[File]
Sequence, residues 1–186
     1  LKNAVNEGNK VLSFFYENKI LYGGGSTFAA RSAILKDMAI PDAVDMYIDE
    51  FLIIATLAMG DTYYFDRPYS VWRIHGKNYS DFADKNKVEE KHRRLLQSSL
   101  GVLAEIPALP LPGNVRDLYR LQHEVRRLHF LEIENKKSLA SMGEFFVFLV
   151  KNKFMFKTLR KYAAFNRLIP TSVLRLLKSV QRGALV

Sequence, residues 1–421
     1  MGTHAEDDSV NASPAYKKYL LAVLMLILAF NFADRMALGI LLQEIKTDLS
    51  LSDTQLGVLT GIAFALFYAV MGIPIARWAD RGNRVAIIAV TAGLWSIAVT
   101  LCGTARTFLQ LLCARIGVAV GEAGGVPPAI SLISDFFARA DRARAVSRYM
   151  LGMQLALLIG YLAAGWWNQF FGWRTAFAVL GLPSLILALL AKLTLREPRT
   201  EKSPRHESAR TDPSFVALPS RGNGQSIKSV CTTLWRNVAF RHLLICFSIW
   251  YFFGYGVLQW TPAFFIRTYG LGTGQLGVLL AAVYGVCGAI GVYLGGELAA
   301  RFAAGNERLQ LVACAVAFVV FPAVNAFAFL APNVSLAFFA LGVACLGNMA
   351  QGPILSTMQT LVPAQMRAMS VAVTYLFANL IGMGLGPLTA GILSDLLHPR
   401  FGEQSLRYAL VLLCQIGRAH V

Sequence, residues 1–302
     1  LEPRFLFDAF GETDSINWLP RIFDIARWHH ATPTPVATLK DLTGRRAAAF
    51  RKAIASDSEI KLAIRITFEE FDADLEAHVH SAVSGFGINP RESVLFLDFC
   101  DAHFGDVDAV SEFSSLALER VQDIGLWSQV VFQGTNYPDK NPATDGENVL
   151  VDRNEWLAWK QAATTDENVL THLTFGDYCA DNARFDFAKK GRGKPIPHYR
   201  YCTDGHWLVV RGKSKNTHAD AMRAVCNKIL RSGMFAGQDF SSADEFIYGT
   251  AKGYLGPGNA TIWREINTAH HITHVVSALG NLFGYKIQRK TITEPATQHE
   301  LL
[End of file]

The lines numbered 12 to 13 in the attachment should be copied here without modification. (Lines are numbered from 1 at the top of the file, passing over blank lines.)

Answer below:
   251  YFFGYGVLQW TPAFFIRTYG LGTGQLGVLL AAVYGVCGAI GVYLGGELAA
   301  RFAAGNERLQ LVACAVAFVV FPAVNAFAFL APNVSLAFFA LGVACLGNMA